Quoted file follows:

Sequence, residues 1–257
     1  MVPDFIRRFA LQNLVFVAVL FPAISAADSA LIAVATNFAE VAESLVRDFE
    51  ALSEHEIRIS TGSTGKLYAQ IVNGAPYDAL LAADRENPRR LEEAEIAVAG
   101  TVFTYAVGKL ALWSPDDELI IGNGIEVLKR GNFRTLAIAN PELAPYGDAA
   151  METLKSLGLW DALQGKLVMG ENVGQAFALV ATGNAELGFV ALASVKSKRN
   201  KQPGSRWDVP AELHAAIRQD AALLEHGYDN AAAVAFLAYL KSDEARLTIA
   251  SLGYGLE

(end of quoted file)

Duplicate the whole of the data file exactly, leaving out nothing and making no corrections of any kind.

Sequence, residues 1–257
     1  MVPDFIRRFA LQNLVFVAVL FPAISAADSA LIAVATNFAE VAESLVRDFE
    51  ALSEHEIRIS TGSTGKLYAQ IVNGAPYDAL LAADRENPRR LEEAEIAVAG
   101  TVFTYAVGKL ALWSPDDELI IGNGIEVLKR GNFRTLAIAN PELAPYGDAA
   151  METLKSLGLW DALQGKLVMG ENVGQAFALV ATGNAELGFV ALASVKSKRN
   201  KQPGSRWDVP AELHAAIRQD AALLEHGYDN AAAVAFLAYL KSDEARLTIA
   251  SLGYGLE